Notebook: Starting Strong, Especially At Home, A Must

You have to go back five years to find the last time the Packers were above .500 through September, a trend that will be no easier to reverse this year with games against 2006 playoff teams in four of the season’s first five weeks. - More Audio | Video | Packers-Eagles Gameday


No one needs to remind the veterans in the Packers' locker room how they've struggled to get off on the right foot in recent years.

They began 1-4 last year, 0-4 in 2005, 1-4 in 2004, and 1-2 in 2003. You have to go back five years to find the last time the Packers were above .500 through September, a trend that will be no easier to reverse this year with games against 2006 playoff teams in four of the season's first five weeks.

"We know these games count toward our playoff run, and we want to come out and start fast," guard Daryn Colledge said. "We've got a tough beginning schedule, and we know that. We want to go out and try to prove ourselves right away."

The Packers have plenty to prove against the Eagles in Sunday's opener. Philadelphia is a team that has beaten Green Bay five straight times over the past four seasons, and has reached the playoffs six times in the past seven years.

Head Coach Mike McCarthy feels he's put his team in position, physically at least, to start strong. He changed the training camp schedule this year to give the players the first three Wednesdays off, lengthening many practices to two hours, 45 minutes (or more), but giving the players' legs a break in the middle of the week.

"There's a lot of energy in the building," McCarthy said. "A confident bunch."

The hope is the players are in peak shape for the opener without being run down from five full weeks of camp. If so, a win would continue the momentum built from finishing 2006 on a four-game winning streak, rather than feeling like the team is starting from scratch again.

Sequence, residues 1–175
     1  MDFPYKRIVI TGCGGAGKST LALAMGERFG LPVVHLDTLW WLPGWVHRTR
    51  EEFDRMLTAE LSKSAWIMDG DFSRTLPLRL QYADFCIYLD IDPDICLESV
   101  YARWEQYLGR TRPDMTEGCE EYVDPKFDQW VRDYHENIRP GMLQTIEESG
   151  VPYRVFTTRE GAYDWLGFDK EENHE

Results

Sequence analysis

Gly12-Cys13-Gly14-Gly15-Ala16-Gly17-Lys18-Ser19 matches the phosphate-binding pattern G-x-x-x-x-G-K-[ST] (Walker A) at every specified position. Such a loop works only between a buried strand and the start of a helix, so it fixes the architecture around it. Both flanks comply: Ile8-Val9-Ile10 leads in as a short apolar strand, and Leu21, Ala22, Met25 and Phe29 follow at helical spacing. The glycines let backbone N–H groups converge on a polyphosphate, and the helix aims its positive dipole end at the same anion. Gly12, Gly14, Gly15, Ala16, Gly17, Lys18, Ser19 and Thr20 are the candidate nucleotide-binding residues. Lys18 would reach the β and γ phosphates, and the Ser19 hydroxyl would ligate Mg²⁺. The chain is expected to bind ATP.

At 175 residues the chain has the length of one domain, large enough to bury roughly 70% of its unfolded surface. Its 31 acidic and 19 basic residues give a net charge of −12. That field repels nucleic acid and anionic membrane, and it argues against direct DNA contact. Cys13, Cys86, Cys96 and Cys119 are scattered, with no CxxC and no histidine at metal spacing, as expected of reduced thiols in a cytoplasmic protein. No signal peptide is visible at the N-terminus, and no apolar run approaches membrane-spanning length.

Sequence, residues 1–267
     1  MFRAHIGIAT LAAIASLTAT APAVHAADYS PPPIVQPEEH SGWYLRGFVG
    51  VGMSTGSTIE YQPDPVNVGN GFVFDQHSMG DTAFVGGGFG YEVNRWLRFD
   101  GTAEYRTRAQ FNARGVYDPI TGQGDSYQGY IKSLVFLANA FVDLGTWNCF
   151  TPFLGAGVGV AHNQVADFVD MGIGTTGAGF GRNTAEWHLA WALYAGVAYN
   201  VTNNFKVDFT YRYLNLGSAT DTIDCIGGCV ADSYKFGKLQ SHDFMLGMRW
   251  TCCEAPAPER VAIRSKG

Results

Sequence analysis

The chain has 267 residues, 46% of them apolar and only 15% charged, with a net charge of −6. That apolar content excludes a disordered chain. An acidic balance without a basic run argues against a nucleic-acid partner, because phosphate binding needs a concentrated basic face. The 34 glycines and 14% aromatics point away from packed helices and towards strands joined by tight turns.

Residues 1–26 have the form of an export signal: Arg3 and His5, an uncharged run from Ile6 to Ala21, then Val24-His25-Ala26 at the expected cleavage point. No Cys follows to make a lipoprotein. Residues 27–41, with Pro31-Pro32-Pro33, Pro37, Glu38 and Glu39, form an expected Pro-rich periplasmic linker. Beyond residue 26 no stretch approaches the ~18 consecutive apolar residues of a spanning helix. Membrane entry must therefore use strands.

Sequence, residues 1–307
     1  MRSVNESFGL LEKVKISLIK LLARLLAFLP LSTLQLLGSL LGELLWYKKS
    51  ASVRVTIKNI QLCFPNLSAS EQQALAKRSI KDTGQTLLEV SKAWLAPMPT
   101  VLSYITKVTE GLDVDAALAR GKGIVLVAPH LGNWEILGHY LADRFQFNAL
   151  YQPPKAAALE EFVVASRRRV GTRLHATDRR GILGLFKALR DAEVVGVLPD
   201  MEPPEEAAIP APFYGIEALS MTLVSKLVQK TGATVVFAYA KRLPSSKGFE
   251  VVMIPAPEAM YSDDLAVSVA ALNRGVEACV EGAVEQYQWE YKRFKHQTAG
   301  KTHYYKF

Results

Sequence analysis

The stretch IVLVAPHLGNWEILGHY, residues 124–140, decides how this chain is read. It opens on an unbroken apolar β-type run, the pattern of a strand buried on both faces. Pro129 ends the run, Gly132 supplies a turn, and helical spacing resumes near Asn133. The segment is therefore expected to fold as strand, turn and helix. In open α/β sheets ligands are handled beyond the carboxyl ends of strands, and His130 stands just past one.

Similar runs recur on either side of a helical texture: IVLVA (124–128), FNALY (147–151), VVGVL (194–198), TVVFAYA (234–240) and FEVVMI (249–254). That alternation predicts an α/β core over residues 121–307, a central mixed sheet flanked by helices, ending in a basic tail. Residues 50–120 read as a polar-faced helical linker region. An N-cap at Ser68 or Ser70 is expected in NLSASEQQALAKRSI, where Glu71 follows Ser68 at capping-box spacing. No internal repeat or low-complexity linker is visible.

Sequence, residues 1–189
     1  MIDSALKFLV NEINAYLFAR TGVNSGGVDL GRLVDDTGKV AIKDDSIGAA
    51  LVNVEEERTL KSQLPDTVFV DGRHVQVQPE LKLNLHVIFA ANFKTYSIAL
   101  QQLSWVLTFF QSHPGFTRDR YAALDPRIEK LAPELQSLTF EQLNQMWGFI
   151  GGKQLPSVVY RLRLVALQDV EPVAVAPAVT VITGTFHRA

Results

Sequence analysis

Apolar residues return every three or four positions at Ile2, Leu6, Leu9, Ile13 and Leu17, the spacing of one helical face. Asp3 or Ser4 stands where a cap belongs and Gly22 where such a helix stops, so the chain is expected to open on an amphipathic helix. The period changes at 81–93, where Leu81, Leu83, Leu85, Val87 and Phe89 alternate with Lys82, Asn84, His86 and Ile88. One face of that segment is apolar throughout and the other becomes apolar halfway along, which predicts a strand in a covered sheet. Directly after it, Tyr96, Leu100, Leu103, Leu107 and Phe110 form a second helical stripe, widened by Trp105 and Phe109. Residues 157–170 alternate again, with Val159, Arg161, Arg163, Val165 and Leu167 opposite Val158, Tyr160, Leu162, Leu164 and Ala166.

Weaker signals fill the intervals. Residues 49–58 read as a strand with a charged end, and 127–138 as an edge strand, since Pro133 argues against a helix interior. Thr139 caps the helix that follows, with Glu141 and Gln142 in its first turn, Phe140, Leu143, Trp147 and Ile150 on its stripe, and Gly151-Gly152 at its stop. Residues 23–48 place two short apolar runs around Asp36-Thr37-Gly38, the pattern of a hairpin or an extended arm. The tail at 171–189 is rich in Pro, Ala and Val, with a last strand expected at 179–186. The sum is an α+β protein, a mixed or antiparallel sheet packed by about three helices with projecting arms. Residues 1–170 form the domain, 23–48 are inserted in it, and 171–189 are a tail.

"This one just has a lot of significance," defensive end Aaron Kampman said. "Based on how we ended the season last year, based on the way the offseason and preseason have gone, it's kind of culminating for us in some ways -- that we're building, that there is positive momentum.

"But that doesn't win ballgames. We need to go out and play extremely hard and smart, and hopefully that will translate into good things for us on Sunday."

Home games paramount

In addition to needing a fast start, the Packers also need to re-establish the home-field advantage that became almost a given from 1992 through 2002. But over the past four years, the Packers haven't won more than five regular-season home games, and they've been .500 or worse at home the past three seasons.

Last year, Green Bay was a solid 5-3 on the road, but just 3-5 at home with some rough losses that snowballed on the team. Shutout defeats to the Bears and Patriots, along with a blowout at the hands of the Jets, all came at Lambeau Field, and if the Packers are to return to the playoffs for the first time in three years, performances like that can't happen, especially at home.

"We have a great home-field advantage here, great energy," McCarthy said. "We just didn't handle the adversity, that's what I'm most disappointed in. When things don't go right we need to keep playing and keep rolling. We'll do a better job of that this year."

{sportsad300}New injury report

The NFL has changed the format for the weekly injury report during the regular season.

In the past, beginning on Wednesday, all injured players received a designation of either "out," "doubtful," "questionable," or "probable" as to their chances of playing in that week's game.

Now, the injury report will indicate a player's level of participation in practice - whether he didn't practice at all (out), practiced but was held out of some work (limited), or went through the entire practice (full) - from Wednesday through Friday, adding the traditional designation of their playing chances only on Friday.

On Wednesday, defensive end Michael Montgomery did not practice because of his knee injury. Six players were limited - receiver Donald Driver (foot), running backs Vernand Morency (knee), Brandon Jackson (concussion) and Ryan Grant (hamstring), tackle Tony Moll (neck) and safety Aaron Rouse (hamstring).

For the Eagles, the only player on their injury report is defensive end Jevon Kearse (limited, shoulder).

The Injury Report can be found each week during the regular season in the Gameday section on

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